World Intellectual Property Organization

WIPO Arbitration and Mediation Center

ADMINISTRATIVE PANEL DECISION

Ticket Software, LLC v. Shawn Wang

Case No. D2013-0217

1. The Parties

The Complainant is Ticket Software, LLC of South Windsor, Connecticut, United States of America (“US”), represented by Andra Mazur, US.

The Respondent is Shawn Wang of Duisburg, Germany.

2. The Domain Name and Registrar

The disputed domain name <ticketnetworks.com> (the “Disputed Domain Name”) is registered with Moniker Online Services, LLC (the “Registrar”).

3. Procedural History

The Complaint was filed with the WIPO Arbitration and Mediation Center (the “Center”) on January 30, 2013. On January 31, 2013, the Center transmitted by email to the Registrar a request for registrar verification in connection with the Disputed Domain Name. On February 6, 2013, the Registrar transmitted by email to the Center its verification response disclosing registrant and contact information for the Disputed Domain Name which differed from the named Respondent and contact information in the Complaint. The Center sent an email communication to the Complainant on February 11, 2013 providing the registrant and contact information disclosed by the Registrar, and inviting the Complainant to submit an amendment to the Complaint. In addition, the Center sent an email communication to the Complainant on February 11, 2013 notifying administrative deficiencies in the Complaint. The Complainant filed an amended Complaint on February 13, 2013.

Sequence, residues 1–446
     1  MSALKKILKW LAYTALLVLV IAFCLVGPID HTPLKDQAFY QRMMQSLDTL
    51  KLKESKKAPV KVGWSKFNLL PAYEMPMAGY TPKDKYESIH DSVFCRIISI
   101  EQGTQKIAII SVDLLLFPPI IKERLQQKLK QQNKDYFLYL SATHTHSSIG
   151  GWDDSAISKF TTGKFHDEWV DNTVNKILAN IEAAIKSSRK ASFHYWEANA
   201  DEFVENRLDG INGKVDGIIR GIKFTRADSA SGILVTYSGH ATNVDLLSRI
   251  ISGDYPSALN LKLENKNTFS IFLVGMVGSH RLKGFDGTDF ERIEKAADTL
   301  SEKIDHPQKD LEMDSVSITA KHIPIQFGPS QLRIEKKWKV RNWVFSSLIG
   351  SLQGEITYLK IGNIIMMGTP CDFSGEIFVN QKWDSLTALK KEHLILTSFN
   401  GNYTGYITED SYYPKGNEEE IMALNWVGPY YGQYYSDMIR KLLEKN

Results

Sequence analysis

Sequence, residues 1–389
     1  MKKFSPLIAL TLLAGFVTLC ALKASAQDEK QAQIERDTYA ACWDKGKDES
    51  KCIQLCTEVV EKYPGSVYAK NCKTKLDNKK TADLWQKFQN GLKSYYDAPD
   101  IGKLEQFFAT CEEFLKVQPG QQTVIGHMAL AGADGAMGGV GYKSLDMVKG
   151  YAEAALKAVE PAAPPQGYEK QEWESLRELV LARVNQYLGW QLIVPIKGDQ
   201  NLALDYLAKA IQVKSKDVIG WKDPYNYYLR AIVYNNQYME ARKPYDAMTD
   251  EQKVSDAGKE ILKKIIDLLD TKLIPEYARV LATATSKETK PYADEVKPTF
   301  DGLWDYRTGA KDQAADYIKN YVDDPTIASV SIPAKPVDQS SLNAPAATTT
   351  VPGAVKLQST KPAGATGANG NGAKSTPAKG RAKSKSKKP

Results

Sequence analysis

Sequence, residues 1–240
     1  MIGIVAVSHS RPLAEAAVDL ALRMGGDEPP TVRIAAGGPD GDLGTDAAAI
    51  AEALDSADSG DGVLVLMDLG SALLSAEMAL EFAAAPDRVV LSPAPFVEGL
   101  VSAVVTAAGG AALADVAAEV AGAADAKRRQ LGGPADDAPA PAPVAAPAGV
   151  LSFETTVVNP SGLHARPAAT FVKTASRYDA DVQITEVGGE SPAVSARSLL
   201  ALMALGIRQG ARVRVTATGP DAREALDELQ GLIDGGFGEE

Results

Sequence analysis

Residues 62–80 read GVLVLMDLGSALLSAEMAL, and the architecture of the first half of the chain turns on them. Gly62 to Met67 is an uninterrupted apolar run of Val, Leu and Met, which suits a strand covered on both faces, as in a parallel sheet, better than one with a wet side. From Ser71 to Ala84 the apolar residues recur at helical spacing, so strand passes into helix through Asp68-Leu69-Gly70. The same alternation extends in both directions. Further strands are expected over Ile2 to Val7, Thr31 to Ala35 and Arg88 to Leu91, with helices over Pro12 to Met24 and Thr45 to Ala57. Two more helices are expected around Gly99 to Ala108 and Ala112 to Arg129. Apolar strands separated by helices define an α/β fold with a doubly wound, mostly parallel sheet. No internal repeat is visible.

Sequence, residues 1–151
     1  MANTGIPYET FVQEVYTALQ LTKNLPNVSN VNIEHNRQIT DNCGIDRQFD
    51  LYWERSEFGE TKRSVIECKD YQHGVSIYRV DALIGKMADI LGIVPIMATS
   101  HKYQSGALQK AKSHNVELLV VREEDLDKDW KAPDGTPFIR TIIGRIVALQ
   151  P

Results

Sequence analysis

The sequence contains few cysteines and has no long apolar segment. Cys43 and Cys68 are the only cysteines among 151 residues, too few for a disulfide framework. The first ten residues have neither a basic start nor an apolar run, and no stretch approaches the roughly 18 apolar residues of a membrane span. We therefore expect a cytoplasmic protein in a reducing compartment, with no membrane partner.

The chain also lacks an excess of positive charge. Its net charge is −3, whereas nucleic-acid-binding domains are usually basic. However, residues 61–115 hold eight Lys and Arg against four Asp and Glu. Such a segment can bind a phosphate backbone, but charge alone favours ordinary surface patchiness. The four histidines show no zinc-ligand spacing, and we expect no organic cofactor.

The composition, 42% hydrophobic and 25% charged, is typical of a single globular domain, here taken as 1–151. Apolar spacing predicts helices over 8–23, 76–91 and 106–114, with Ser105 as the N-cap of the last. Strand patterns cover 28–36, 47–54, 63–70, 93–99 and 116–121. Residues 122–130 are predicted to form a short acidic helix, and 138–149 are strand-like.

On February 13, 2013 the Center received an informal communication from the Respondent.